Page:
For background, this report provides the history of the concept of radicalisation as applied to terrorism, ‘All Radicalisation is Local’: The Genesis and Drawbacks of an Elusive Concept, while this report covers the history of CVE, Does CVE Work? Lessons Learned From the Global Effort to Counter Violent Extremism.
To get a sense of what CVE currently involves, see these two reports from the European Union’s Radicalisation Awareness Network (RAN): Responses to Returnees: Foreign Terrorist Fighters and their Families and Preventing Radicalisation to Terrorism and Violent Extremism: Approaches and Practices. For a rigorous evaluation of a CVE effort, see this Evaluation of a Multi-Faceted, U.S. Community-Based, Muslim-Led CVE Program.
Most of the categories above include a lot of work on jihadism, but there’s also work that deserves a category of its own. If I had to recommend one single piece as a primer on jihadism, it would be Cole Bunzel’s Jihadism On Its Own Terms.
Though not primarily focused on jihadism, I also recommend Joas Wagemakers’ Revisiting Wiktorowicz: Categorising and Defining the Branches of Salafism. Shiraz Maher’s Salafi-Jihadism: The History of an Idea has been highly recommended to me, though I have not read it yet. Finally, the most fascinating article I’ve read on jihadism recently has been Thorsten Botz-Bornstein’s The “Futurist” Aesthetics of ISIS.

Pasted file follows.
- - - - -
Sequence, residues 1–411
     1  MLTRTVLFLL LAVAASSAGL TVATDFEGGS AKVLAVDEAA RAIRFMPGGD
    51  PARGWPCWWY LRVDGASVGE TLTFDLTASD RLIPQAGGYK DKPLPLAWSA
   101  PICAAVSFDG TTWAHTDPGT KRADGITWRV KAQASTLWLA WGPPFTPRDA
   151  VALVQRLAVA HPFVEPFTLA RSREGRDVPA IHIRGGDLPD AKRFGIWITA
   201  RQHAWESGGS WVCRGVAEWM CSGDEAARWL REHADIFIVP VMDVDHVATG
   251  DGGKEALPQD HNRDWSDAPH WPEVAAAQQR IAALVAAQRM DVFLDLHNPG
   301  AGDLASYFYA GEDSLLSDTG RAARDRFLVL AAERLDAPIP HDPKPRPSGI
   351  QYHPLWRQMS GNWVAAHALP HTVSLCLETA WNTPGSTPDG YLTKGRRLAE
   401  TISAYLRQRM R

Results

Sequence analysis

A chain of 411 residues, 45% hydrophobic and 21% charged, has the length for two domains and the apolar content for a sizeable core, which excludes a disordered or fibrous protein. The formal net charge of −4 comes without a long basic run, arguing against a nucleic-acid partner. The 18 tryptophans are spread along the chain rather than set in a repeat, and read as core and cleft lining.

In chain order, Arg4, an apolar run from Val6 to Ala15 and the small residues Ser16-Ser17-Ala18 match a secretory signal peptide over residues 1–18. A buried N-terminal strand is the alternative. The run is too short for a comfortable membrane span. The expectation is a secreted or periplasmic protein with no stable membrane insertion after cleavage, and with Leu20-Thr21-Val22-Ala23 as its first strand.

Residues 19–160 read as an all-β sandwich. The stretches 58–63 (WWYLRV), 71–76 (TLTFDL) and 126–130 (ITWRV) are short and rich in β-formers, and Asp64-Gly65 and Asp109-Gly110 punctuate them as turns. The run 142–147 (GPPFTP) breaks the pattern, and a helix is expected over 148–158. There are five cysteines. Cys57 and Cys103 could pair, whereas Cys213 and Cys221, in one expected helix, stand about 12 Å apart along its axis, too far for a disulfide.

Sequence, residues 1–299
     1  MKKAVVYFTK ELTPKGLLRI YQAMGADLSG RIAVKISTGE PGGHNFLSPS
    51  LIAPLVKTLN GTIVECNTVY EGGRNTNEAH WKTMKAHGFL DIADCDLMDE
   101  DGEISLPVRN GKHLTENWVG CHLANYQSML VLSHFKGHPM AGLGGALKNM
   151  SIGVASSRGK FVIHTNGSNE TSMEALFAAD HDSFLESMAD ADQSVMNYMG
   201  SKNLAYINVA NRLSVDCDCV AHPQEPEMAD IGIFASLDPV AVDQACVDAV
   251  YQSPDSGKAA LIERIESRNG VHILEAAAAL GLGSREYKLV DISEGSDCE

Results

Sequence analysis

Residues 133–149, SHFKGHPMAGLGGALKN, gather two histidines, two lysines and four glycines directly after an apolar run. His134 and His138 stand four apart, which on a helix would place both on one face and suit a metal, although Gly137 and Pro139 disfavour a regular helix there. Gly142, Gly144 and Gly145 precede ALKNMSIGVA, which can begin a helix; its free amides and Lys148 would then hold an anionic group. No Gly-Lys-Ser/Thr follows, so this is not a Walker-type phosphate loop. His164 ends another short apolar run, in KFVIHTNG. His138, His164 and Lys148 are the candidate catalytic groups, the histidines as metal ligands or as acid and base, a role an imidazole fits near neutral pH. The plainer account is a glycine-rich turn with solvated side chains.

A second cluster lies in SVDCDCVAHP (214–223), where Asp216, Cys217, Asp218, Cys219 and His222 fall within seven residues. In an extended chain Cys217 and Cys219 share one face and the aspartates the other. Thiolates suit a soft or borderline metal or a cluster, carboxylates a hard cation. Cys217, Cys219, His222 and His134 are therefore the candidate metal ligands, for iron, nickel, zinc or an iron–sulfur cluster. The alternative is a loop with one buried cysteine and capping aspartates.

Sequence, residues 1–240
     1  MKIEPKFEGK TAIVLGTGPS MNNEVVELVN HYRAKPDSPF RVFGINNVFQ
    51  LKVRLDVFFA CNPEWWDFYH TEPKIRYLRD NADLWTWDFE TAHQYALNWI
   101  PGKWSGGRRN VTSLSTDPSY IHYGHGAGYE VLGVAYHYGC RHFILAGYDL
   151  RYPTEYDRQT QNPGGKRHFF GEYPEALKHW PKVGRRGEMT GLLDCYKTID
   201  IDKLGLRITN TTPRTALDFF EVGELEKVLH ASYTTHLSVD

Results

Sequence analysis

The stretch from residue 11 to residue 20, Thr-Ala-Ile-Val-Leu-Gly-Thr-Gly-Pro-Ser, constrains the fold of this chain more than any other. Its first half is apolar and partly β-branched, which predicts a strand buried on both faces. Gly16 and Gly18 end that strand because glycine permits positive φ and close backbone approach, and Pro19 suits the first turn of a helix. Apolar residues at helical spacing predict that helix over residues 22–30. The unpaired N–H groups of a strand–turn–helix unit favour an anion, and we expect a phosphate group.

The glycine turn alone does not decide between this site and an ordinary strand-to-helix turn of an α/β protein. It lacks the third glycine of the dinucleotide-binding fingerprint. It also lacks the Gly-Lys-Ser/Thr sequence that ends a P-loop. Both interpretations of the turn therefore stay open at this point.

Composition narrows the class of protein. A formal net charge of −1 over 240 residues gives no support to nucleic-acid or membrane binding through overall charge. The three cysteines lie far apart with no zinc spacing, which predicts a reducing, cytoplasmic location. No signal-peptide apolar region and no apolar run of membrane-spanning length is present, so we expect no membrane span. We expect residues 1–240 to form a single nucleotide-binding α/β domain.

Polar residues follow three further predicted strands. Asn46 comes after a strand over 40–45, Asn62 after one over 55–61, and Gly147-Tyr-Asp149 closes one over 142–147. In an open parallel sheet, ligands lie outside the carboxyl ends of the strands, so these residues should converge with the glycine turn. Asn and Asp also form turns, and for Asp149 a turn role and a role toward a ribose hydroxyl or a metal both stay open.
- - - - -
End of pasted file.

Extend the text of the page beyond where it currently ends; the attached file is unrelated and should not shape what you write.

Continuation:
So that’s some terrorism research which has really stood out to me over the last couple of years, though there’s plenty of important research that’s missing.
For example, it was only after writing the bulk of this post that I realised a blindspot: it includes no research on gender-related terrorism research. This is quite a shortcoming as there’s been plenty of recent writing on the role of women inside jihadist organisations and the use of masculinity in recruitment narratives. There’s also been an effort to combine Countering Violent Extremism initiatives with the United Nations’ Women, Peace and Security (WPS) campaign (launched in 2000 with UNSC Resolution 1325). In 2015 United Nations combined CVE with WPS through UNSC Resolution 2242, which has prompted a surge of new research. This is all happening at a time when Australia’s national security public sphere is slowly becoming more gender-aware: there’s been the creation of an Australian chapter of Women In International Security (WIIS), the Institute for Regional Security’s Women in National Security (WiNS) program, and the Australian Strategic Policy Institute’s Women in Defence and Security Network (WDSN).
You can expect a Murphy Raid guest post on CVE and the Women, Peace and Security campaign in the near future.
As we reach the end, one miscellaneous recommendation is this article: Terrorism Events Data: An Inventory of Databases and Data Sets, 1968-2017. I particularly suggest it for anyone about to begin research in this area and worrying about where to find useful data.
Feel free to suggest any more research in the comments section below.
And finally, I want to yet again recommend the Talking Terror podcast, where you can keep finding out more about promising terrorism research.